TRS Group Patented PFAS Treatment

United States Patent


The United States Patent and Trademark Office has awarded TRS Group, Inc. (TRS) a patent for the thermal treatment of per‐and polyfluoroalkyl substances (PFAS) in soil (Oberle, D and E. Crownover, 2020). The patented process uses heaters to raise soil temperatures to desorb and volatilize PFAS. Importantly, the target temperatures are high enough to degrade soil organic matter but still low enough to mitigate the risk of forming potentially dangerous PFAS by‐products. As the soil organic matter is destroyed, a vacuum is applied to the soil to remove PFAS by volatilization. The vaporized PFAS is routed to vapor treatment for further processing.

How the TRS Patent Differs from Other Patents

The TRS patent is the only soil heating patent that focuses specifically on thermal treatment of PFAS. Other thermal vendors may claim to have a “patented PFAS treatment;” however, the reference is to patented heating equipment or processes, not the treatment of PFAS.

PFAS Adsorb Strongly to Soil

PFAS include a wide class of anthropogenic fluorinated chemicals. Due to their special surface tension properties, they have been used by multiple industries for many products. Depending on the structure, PFAS can be ionic, non‐ionic or zwitterionic (Backe et al., 2013). Aqueous film‐forming foams (AFFFs) are a common source of PFAS contamination around the world (Houtz, 2013). The AFFFs typically consist of perfluoroalkyl acids (PFAAs), which have a hydrophobic fluorocarbon tail and a hydrophilic head, most often comprised of a carboxylate or sulfonate functional group. The carbon backbone allows PFAS to adhere to soil by van der Waals forces, due to the organics in the soil (Ferrey et al., 2012). Also, PFAS may interact with soil by ionic charge (Lixia et al., 2014). Adsorption of PFAS can be quite strong. For example, tests have shown that solvent flushing with alcohol was unable to break some of the adsorptive bonds of PFAS to carbon (Ziwen et al., 2014).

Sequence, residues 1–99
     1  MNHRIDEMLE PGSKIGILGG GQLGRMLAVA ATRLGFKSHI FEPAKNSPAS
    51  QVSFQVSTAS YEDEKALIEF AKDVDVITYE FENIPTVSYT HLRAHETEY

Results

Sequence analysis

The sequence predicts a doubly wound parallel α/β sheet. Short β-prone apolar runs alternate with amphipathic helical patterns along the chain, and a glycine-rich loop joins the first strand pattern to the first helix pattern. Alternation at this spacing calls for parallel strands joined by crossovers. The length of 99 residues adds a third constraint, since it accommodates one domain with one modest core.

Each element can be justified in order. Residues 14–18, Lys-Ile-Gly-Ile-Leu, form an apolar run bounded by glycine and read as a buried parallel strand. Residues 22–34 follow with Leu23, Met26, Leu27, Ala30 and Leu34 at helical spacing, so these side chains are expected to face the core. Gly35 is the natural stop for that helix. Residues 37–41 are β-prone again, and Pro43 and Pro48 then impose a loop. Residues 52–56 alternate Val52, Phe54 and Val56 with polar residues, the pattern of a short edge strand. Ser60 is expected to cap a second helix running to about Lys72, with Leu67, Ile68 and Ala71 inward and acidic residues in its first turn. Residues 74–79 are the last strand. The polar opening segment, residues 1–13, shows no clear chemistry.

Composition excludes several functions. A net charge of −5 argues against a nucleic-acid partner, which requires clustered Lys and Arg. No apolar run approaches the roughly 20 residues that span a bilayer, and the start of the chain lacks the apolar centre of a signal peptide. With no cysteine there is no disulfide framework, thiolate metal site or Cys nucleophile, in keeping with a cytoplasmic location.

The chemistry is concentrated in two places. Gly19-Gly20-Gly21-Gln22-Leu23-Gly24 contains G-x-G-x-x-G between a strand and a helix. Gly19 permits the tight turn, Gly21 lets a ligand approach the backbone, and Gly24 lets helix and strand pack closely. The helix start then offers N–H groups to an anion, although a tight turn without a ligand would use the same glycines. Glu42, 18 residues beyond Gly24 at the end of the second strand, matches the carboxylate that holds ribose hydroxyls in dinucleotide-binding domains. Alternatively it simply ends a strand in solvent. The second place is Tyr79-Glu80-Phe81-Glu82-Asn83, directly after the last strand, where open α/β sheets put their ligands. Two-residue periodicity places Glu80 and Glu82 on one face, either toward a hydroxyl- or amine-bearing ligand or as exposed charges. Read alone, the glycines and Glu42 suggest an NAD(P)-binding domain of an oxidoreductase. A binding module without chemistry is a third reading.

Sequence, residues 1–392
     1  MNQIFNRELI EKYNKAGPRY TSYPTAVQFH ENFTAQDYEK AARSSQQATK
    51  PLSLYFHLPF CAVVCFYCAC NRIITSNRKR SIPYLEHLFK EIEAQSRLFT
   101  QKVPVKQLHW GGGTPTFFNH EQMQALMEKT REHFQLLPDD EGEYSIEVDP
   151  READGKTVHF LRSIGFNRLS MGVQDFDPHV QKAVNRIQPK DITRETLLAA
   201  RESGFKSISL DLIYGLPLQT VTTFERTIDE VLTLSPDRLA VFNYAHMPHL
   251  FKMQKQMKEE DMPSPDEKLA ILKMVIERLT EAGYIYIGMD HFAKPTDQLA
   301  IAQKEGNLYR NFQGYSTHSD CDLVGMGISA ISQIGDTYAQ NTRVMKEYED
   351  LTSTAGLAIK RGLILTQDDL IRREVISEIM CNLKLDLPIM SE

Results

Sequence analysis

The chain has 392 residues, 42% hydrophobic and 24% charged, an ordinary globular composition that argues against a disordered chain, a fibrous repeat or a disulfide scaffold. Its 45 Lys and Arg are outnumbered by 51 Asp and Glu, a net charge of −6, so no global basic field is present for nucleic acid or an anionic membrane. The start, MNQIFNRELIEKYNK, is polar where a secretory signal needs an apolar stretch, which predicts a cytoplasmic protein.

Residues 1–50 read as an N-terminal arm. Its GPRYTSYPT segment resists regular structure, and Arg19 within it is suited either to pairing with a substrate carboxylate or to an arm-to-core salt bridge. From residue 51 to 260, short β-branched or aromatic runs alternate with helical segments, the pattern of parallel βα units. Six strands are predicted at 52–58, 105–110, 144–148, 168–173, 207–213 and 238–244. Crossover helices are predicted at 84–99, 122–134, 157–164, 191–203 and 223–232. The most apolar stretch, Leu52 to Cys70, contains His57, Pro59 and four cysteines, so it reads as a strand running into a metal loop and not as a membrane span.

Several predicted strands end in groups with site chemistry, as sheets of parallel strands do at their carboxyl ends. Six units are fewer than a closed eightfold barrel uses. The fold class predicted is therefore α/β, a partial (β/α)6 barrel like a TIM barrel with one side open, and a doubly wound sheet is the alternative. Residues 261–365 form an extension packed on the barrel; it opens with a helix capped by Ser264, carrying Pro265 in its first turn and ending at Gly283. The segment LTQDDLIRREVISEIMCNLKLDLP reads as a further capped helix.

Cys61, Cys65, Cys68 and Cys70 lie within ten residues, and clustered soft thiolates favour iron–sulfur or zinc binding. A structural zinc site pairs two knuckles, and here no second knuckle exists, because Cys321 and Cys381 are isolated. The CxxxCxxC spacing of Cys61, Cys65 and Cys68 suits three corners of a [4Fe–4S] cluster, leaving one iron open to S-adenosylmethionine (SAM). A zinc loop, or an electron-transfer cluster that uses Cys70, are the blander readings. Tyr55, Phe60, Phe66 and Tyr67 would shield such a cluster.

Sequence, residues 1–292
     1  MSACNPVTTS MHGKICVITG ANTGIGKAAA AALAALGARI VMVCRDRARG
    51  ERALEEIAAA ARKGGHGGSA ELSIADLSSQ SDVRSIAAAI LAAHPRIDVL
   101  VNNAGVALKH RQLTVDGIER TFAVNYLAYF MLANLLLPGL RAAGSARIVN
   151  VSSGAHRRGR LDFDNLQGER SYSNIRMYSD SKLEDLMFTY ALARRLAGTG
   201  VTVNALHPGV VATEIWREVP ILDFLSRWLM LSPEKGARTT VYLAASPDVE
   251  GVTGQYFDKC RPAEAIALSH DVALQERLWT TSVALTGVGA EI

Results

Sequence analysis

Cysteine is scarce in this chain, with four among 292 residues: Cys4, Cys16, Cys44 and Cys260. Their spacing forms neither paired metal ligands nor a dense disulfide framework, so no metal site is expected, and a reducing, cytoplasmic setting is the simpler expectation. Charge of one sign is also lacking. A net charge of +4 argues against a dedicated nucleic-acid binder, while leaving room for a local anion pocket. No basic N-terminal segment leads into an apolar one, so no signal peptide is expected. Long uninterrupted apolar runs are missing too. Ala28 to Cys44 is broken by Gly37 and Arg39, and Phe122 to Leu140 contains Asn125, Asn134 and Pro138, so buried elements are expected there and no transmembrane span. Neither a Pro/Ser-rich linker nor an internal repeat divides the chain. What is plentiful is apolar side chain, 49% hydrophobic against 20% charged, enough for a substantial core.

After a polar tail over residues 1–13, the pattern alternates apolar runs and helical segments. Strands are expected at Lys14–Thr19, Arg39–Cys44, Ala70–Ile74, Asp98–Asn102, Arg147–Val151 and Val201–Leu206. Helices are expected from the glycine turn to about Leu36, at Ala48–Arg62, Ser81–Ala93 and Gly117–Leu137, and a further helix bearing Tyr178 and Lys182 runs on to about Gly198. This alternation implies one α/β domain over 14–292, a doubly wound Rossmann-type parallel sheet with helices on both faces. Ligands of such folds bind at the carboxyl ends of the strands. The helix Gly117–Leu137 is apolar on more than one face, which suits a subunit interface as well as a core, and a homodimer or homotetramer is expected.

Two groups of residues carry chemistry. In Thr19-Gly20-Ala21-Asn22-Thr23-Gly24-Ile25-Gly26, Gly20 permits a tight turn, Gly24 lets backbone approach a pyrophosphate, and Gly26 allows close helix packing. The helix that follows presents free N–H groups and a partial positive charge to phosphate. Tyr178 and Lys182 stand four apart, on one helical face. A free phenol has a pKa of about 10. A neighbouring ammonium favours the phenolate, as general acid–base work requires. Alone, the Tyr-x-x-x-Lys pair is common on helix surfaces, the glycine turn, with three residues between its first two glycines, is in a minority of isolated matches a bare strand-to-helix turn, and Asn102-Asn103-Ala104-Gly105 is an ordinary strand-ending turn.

TRS’s Patented Process Breaks Adsorptive Bonds and Volatilizes PFAS from Soil

It has been demonstrated that low temperature thermal desorption can remove greater than 99.99 percent of PFAS from soil when performed at a temperature that degrades the organic material in the soil (Crownover et al., 2019). Soil organic matter is efficiently degraded at temperatures in the range of 360⁰C to 450⁰C (Nelson & Sommers, 1996). Greater than 99.99 percent removal of PFAS was achieved by heating and holding soil at a temperature of 400⁰C. The removal of organics from the soil is quite apparent when viewing photographs of the soil before and after treatment (See Figure 1). Figure 1: Soil Before and After Organic Material is Removed by Thermal Treatment

The TRS Process Minimizes the Potential for PFAS Thermal Breakdown Products

There has been some concern that heating PFAS might create toxic breakdown products (USEPA, 2020). The carbon to fluoride chemical bond is the strongest bond in organic chemistry and requires very high temperatures to break (Hurst, 2019). Studies have shown that temperatures in excess of 400⁰C are typically required to cause breakdown of perfluorinated substances (Madorsky et al., 1953; Marhevka, 1982; Muhammad, 2017). The patented TRS process generally operates in the temperature range of 350 to 400⁰C, which is below the temperatures where breakdown products would be anticipated. Therefore, TRS’s patented PFAS process is much safer than other thermal processes, such as rotary kilns or oven‐like chambers, that operate at higher temperatures.

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